A major problem with using rocket propulsion to reach the velocities required for interstellar flight is the enormous amounts of fuel required. Since that fuel must itself be accelerated, this results in an approximately exponential increase in mass as a function of velocity change at non-relativistic speeds, asymptotically tending to infinity as it approaches the speed of light. In principle, the Bussard ramjet avoids this problem by not carrying fuel with it. An ideal ramjet design could in principle accelerate indefinitely until its mechanism failed. Ignoring drag, a ship driven by such an engine could theoretically accelerate arbitrarily close to the speed of light, and would be a very effective interstellar spacecraft. In practice, since the force of drag produced by collecting the interstellar medium increases approximately as its speed squared at non-relativistic speeds and asymptotically tends to infinity as it approaches the speed of light (taking all measurements from the ship's perspective), any such ramjet would have a limiting speed where the drag equals thrust. To produce positive thrust, the fusion reactor must be capable of producing fusion while still giving the incident ions a net rearward acceleration (relative to the ship).
Friday, January 6, 2012
Here are some images plus a composite of my scratch built model of the Colony Ship Magellan based off of Philippe Bouchet AKA "Manchu" illustration art for Arthur C Clarke's "The Songs Of A Distant Earth".
The novel is set in the early 3800s and takes place almost entirely on the faraway oceanic planet of Thalassa. Thalassa has a small human population sent there by way of an embryonic seed pod, one of many sent out from Earth in an attempt to continue the human race's existence before the Earth is destroyed.
It starts with an introduction to the native Thalassans – the marine biologist Mirissa, her partner Brant and other friends and family. Their peaceful existence comes to an end with the appearance of the Magellan, a spaceship from Earth containing one million colonists who have been put into cryonic suspension.
In a series of descriptive passages the events leading up to the race to save the human species are explained. Scientists in the 1960s discover that the neutrino emissions from the Sun – a result of the nuclear reactions that fuel the star – are far diminished from expected levels. Less than a decade later, it is confirmed that the problem is not with the scientific equipment: the Sun is calculated to go nova around the year AD 3600.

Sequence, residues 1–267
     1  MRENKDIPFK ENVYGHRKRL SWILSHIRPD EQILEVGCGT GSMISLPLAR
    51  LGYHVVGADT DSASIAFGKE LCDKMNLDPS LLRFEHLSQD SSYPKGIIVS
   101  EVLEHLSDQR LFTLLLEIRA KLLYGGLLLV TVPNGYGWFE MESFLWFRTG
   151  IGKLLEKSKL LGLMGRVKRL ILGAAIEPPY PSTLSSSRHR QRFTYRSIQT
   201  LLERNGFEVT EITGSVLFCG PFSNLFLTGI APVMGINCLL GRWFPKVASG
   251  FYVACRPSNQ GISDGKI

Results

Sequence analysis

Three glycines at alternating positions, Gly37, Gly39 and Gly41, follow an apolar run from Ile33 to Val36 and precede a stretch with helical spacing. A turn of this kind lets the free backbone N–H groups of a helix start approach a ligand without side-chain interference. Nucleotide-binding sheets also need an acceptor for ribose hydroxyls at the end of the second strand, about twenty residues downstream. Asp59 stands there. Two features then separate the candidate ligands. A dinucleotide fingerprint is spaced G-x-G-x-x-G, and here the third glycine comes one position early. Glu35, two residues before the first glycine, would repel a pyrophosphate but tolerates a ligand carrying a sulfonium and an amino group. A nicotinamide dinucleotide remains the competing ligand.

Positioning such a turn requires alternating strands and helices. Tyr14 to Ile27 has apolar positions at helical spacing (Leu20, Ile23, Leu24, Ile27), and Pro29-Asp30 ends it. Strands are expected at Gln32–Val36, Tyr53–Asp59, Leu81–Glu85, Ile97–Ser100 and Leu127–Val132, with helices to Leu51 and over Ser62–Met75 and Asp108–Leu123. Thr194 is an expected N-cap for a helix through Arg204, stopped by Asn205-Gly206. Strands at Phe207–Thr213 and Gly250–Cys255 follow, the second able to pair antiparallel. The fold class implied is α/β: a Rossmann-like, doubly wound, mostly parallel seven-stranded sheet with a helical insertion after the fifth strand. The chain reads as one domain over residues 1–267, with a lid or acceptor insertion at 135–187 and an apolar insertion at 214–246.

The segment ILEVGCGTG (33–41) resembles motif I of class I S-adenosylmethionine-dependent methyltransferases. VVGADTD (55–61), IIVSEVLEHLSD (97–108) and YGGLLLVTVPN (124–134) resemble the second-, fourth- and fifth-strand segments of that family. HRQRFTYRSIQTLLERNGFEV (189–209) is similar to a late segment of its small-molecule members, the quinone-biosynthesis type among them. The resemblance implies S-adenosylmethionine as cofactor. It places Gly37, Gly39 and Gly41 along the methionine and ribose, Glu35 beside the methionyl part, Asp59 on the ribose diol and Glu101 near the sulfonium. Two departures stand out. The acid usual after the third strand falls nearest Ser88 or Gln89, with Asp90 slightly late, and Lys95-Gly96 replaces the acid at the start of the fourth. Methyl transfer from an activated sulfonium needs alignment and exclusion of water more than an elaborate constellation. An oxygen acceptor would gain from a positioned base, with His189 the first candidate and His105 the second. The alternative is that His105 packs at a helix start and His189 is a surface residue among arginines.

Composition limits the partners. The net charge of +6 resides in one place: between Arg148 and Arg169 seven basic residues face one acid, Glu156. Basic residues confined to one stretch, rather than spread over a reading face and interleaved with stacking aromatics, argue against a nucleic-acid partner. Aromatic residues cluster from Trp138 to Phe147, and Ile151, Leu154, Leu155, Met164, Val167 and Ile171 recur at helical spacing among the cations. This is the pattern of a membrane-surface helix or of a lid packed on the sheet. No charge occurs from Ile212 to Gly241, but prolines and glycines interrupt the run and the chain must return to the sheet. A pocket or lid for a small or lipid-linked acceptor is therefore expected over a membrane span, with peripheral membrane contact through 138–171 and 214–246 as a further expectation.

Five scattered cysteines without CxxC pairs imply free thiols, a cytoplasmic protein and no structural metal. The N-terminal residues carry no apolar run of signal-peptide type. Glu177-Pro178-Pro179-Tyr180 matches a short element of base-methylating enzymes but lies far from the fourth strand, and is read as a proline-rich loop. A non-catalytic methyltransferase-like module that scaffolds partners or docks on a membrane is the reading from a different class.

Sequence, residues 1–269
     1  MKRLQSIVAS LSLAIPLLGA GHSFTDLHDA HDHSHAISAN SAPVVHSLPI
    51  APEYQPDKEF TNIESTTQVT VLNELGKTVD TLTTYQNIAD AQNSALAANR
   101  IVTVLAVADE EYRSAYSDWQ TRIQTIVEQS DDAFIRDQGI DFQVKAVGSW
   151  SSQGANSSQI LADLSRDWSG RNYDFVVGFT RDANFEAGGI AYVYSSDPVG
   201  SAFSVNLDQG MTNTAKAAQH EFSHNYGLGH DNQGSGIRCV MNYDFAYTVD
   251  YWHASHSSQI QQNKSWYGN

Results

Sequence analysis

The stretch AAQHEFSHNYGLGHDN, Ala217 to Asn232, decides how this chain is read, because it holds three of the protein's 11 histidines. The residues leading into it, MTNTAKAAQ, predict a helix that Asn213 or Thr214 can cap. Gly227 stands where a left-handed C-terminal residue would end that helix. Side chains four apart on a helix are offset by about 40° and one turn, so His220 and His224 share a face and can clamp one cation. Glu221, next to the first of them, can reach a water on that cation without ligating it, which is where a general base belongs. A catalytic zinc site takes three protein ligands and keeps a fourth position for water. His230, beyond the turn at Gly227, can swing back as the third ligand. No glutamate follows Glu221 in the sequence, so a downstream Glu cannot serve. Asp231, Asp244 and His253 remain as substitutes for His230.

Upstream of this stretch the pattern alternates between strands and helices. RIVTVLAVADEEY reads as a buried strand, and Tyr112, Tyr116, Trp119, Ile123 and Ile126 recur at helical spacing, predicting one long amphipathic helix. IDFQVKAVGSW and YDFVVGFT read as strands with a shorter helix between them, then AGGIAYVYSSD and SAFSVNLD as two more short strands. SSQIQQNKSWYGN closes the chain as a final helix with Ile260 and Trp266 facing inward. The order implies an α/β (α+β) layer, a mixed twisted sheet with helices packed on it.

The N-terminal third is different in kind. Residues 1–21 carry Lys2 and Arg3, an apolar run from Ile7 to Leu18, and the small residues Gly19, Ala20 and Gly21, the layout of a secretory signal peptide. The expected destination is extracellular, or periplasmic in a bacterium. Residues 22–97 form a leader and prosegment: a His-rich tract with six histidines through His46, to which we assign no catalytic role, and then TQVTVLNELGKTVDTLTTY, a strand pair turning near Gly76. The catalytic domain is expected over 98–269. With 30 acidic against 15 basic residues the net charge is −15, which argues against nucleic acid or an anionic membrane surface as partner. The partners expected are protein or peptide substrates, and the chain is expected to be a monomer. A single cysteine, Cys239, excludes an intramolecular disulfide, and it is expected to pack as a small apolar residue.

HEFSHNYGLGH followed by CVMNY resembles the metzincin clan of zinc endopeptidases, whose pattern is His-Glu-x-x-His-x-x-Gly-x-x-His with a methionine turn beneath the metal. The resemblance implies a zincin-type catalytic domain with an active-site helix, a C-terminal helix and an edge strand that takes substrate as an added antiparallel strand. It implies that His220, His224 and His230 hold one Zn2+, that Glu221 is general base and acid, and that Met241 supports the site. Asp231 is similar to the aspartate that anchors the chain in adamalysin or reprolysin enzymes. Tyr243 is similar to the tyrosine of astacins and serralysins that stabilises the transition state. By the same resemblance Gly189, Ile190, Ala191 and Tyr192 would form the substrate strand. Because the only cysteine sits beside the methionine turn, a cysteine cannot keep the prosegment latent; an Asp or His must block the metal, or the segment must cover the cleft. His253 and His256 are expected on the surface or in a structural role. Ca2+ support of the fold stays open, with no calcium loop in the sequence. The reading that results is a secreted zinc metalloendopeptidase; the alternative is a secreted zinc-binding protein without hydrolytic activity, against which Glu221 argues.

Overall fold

The human race's technology advances enough for various factions to send out pods containing human and other mammalian embryos (and later on, simply stored DNA sequences), along with robot parents, to planets that are considered habitable. Sending live humans is ruled out due to the immense amount of fuel that a rocket-propelled spacecraft would have to carry in order to first accelerate to the speeds required to travel such great distances within an acceptable time, and then decelerate upon approaching the destination. However, less than a hundred years before the Sun is set to go nova a scientific break-through allows construction of the quantum drive, which bypasses this problem. There only remains enough time to build and send to the stars a single quantum-drive ship: the Magellan.
Thalassa's only connection with Earth (and anywhere else) was a single communication dish, which was destroyed during a volcanic eruption 400 years ago and never repaired, thus leaving the Thalassans unaware of later developments on Earth. The Magellan stops at Thalassa to replenish the mammoth ice shield that had prevented micrometeors from damaging it during its interstellar journey. Thalassa is the obvious choice for this operation, as 95% of the planet's surface is covered by water. At the end of the novel the Magellan continues on to its destination, the planet Sagan 2.
As a kind of sub-plot it is revealed that beneath Thalassa's oceans there live sentient beings similar to the sea scorpions of Earth, only much larger. They are discovered – and named Scorps – when it attracts attention that robots designed to seek out fish frequently go missing. The Scorps gain the robots' metal in order to make bands of honour and rank. The Scorps are proven farmers; they have created their own village out of underwater rock caves.
Some of the crew aboard the Magellan begin to consider mutiny, wanting to stay in the secure environment of Thalassa rather than make the journey on to an unknown planet that may indeed be habitable, but just as well not. The situation is solved just before take-off – the mutineers are left with the Thalassans, while the bulk of the crew and passengers continue on to Sagan 2.
The book finishes with Mirissa sending messages to her lover, Loren Lorenson aboard the Magellan, showing him their son. Loren is not going to see the child until long after its and Mirissa's death. Mirissa's last clear sight when she is old is of the fading star in the Thalassan sky that is the Quantum drive of the Magellan.
Wednesday, January 4, 2012
Here are some images of Revell's 1/32 scale British Aerospace BAe T.1a Hawk in Red Arrows markings.